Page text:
[Welcome to Peter’s Kung Fu Corner: a monthly column dedicated to retrospectives on the martial arts films I grew up watching. We’ll be covering all kinds of Hong Kong action films from Bruce Lee all the way to Joseph Kuo. Get ready to be introduced to some weird, wacky, and utterly badass films.]
As we round out a full year of me taking a look back at Kung Fu classics, I notice that there is a glaring omission of one famous star across my various columns. How have I managed to not speak about Jet Li in any capacity? It makes sense why I would have covered Bruce Lee twice and Jackie Chan is absolutely more known in America, but Jet Li is a tremendous force in China that helped legitimize Wushu (China’s national sport) and would go on to revive the country’s film industry in the 90s.
Case in point, the 1991 release Once Upon a Time in China, directed by the legendary Tsui Hark. Often heralded as the pinnacle of Wire-fu films, this film presents a fictionalized retelling of folk hero Wong Fei-Hung’s life that deals with themes of westernization, colonization, and the encroachment of modern technology in a peaceful land. It’s quite the loaded movie and even enters the dreaded “political” territory that the internet so hates.
Having not really watched the film since 2005 when I first discovered Jet Li’s Chinese films, I was interested in discovering if the film held up. I also can’t quite take my mind off the ridiculous political situation the United States has been broiled in, with many fighting to bring back some golden era that never really existed. Remembering that Once Upon a Time in China was all about a similar topic, I figured now was the best possible chance to relive this classic film.
For the most part, the film does still hold up. Just a year into a new decade and Tsui Hark had introduced a brand-new method of capturing martial arts on film that amplified what came before. While I still prefer the 80s style of a more raw, grounded approach, one cannot deny that the sight of Jet Li flying through the air in fast motion is exhilarating. By attaching actors to wires, Hark was able to create an almost godlike quality to the movements of his characters. It may not be traditional or realistic, but with modern films being borderline incomprehensible with their quick cuts and close-up shots, I’ll take a more fantastical fighting style any day of the week.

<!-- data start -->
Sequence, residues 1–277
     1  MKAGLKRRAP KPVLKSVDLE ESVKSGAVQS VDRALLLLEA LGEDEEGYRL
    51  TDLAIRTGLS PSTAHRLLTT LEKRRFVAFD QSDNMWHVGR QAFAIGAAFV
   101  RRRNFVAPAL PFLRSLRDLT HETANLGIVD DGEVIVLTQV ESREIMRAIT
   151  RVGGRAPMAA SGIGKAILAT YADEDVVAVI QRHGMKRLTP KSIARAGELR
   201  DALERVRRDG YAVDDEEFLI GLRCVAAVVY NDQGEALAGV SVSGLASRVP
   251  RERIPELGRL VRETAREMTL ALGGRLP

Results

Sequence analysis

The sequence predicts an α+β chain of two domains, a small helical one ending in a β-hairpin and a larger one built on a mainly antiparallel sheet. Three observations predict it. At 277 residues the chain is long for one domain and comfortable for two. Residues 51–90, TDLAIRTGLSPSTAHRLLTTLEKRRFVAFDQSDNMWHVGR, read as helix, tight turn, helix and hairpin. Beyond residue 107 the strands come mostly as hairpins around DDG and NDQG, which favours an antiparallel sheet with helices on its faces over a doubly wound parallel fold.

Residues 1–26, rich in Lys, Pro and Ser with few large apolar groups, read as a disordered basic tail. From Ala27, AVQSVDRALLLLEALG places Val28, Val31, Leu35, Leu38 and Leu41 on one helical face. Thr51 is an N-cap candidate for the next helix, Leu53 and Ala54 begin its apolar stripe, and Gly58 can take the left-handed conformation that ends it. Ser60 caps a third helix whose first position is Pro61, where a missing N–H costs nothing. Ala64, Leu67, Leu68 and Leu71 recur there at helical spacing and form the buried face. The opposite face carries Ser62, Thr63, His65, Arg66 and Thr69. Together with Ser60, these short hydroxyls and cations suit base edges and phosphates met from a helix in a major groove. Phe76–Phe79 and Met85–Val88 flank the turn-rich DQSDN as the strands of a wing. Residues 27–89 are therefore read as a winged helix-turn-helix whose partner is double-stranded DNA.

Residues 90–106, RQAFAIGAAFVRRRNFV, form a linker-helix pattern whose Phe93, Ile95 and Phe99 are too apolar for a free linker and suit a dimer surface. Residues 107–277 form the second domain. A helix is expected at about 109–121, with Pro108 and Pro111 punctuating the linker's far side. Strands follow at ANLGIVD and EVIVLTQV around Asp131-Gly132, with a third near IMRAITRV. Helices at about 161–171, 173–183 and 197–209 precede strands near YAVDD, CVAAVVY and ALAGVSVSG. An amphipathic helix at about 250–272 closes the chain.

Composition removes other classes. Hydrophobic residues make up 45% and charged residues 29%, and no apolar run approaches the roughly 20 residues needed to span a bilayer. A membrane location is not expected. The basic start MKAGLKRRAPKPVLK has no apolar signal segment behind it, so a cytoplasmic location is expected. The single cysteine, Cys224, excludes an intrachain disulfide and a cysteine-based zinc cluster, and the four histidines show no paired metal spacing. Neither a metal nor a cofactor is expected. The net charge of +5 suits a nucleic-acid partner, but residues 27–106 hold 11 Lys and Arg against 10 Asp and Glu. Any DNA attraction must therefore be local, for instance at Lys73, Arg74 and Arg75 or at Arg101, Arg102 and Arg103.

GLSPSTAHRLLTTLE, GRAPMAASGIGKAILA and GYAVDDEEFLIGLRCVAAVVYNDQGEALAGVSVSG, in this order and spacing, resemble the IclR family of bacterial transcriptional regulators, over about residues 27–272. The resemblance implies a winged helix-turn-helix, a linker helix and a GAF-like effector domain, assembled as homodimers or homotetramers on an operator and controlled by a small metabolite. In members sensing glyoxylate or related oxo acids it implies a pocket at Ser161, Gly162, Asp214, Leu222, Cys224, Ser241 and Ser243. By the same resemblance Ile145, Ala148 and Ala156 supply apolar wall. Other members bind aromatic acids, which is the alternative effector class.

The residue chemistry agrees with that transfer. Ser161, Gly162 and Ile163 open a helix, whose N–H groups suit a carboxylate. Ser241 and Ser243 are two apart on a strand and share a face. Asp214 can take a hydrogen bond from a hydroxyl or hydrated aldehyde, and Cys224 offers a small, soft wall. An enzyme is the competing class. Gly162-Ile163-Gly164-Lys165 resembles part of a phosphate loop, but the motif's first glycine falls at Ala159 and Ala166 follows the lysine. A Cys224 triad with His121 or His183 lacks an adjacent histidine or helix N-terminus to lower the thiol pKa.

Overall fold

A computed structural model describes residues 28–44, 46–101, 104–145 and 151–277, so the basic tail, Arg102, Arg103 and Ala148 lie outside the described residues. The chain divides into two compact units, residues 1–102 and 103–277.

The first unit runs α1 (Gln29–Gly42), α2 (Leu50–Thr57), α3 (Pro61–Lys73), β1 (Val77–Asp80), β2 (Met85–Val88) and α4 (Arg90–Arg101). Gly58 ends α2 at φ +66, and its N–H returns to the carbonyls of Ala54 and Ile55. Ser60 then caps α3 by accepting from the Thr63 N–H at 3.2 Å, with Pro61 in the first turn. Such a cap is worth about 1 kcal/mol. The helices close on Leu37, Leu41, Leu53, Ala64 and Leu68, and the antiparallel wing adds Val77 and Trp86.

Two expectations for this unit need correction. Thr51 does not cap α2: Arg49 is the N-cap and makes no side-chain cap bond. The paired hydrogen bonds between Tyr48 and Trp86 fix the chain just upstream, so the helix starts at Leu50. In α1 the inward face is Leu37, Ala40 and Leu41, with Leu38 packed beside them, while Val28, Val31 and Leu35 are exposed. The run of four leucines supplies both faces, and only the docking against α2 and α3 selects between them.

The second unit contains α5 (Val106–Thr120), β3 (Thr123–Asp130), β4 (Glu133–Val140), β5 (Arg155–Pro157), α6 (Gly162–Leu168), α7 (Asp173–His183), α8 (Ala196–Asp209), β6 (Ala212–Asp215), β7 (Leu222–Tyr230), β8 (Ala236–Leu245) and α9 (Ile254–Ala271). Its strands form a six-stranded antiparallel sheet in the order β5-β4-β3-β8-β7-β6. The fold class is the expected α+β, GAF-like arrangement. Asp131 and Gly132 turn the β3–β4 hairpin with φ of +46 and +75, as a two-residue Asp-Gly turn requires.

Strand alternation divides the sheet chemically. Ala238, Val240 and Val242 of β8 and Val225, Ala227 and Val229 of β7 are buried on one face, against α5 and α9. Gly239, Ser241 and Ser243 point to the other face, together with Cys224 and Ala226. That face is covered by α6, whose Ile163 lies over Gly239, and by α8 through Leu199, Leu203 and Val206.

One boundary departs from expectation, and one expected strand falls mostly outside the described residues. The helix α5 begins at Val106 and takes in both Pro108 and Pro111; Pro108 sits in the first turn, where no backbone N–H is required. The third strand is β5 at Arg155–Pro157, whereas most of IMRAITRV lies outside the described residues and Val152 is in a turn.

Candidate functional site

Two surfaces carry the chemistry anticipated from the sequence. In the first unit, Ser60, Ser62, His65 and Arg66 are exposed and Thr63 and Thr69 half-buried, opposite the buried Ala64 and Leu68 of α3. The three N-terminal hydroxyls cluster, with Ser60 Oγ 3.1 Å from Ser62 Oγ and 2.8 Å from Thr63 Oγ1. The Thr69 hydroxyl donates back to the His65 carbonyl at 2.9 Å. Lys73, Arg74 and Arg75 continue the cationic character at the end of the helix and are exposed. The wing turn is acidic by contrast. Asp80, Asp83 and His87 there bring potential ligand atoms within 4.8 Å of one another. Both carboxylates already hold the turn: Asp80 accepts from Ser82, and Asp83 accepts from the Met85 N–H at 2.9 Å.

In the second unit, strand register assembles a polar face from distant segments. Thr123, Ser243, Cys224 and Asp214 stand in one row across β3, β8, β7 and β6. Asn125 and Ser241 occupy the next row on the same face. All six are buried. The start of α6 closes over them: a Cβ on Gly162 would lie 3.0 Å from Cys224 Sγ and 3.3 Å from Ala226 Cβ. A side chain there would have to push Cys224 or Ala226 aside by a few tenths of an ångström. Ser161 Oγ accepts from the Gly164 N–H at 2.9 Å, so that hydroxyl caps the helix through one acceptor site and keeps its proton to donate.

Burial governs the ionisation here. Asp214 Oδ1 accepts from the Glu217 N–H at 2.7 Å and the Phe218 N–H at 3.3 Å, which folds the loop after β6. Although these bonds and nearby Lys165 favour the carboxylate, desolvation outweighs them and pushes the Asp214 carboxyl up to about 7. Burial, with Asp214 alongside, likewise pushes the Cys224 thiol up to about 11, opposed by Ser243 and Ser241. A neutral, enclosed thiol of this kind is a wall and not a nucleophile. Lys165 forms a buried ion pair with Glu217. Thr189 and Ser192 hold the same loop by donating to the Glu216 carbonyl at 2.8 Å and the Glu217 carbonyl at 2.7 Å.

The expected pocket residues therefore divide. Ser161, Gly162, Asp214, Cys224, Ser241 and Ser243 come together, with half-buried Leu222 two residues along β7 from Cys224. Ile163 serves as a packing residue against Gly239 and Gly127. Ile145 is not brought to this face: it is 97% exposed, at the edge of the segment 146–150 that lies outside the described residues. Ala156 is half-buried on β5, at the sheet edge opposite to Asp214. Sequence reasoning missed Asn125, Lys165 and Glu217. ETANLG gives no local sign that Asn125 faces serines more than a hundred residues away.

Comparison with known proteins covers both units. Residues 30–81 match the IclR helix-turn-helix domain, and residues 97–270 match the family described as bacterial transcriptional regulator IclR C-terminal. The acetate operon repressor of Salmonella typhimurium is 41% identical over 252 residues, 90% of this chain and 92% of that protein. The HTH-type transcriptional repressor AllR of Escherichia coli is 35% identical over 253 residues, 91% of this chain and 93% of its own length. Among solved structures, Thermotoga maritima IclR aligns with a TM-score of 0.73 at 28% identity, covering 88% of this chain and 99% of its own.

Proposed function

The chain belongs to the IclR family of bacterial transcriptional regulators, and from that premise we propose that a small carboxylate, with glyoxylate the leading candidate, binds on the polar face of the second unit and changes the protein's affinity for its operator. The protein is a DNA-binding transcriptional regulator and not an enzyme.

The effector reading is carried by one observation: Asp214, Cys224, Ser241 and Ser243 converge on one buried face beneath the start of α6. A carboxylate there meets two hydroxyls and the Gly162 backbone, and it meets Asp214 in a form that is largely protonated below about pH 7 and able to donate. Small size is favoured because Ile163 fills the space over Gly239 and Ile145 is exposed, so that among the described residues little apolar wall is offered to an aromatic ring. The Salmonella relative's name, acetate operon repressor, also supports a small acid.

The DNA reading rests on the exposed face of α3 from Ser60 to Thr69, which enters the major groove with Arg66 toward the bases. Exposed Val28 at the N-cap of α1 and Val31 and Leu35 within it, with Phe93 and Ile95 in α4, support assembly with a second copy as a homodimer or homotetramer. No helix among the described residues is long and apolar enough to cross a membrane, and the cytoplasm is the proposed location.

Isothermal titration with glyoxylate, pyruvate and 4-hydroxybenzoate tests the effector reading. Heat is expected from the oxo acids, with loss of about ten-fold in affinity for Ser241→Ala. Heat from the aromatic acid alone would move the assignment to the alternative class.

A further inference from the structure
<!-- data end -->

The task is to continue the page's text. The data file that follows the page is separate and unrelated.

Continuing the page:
The main plot is where things start to unravel a bit. The film begins perfectly fine with a lion dance presentation that sums up the central theme of the movie in three minutes. In the bay of Foshan, China, during the late 19th century, a Chinese vessel is holding a ceremony to impress legendary martial artist Wong Fei-Hung (Jet Li) with their skills. After sounding some firecrackers, a nearby French ship assumes the noise is gunfire and starts to retaliate against the Chinese. As one of the dancers is shot, Fei-Hung quickly jumps into action and completes the dance himself.
It doesn’t take a scholar to figure out that Once Upon a Time in China is all about how Kung Fu can co-exist in the modern era. Hell, the film even gets really blatant with this by including lines such as, “No matter how good our Kung Fu is, it will never defeat guns.” It’s an ever-present theme throughout the course of the film that does more to guide the narrative than any actual dialogue or characters.
For those that aren’t exactly up on their Chinese history, Wong Fei-Hung was a physician and martial artist that lived through 19th century China and into the early 20th century. Having been alive through many tumultuous periods of rapid change and westernization along with the fall of the final Chinese dynasty, he has become something of a folk hero for standing up for the traditional Chinese way of living. Needless to say, numerous films that romanticize his life have been made in the years since his death.
Since his life happens to coincide with such an exciting and unpredictable time, it makes sense that these films would typically focus on the upheaval of traditional values and the embracing of new values. As a matter of fact, right after the explosive opening number, Once Upon a Time in China sets the stage with a rather hectic street shot. Chinese patrons are eating at a diner, listening to traditional Chinese music while some Jesuit priests are roaming around loudly singing “Hallelujah.” There are Americans peddling fake contracts on street corners hoping to coax people into forking over their cash. The British have their armies patrolling around as if they somehow became the local militia. It’s a chaotic mess of different cultures all slammed into this small space.
Clearly, that wouldn’t be enough to carry an almost 150-minute film, so a more conventional plot starts to crop up. After two years away in America, Fei-Hung’s distant cousin, Siu-Kwan (Rosamund Kwan), returns and brings with her some fancy new technology from abroad. Introducing the Chinese to the camera, she offers to take a picture of Fei-Hung and his uncle. The camera explodes, but Fei-Hung is able to avert disaster by reacting quickly. Again, there’s that “Kung Fu can co-exist” theme in action.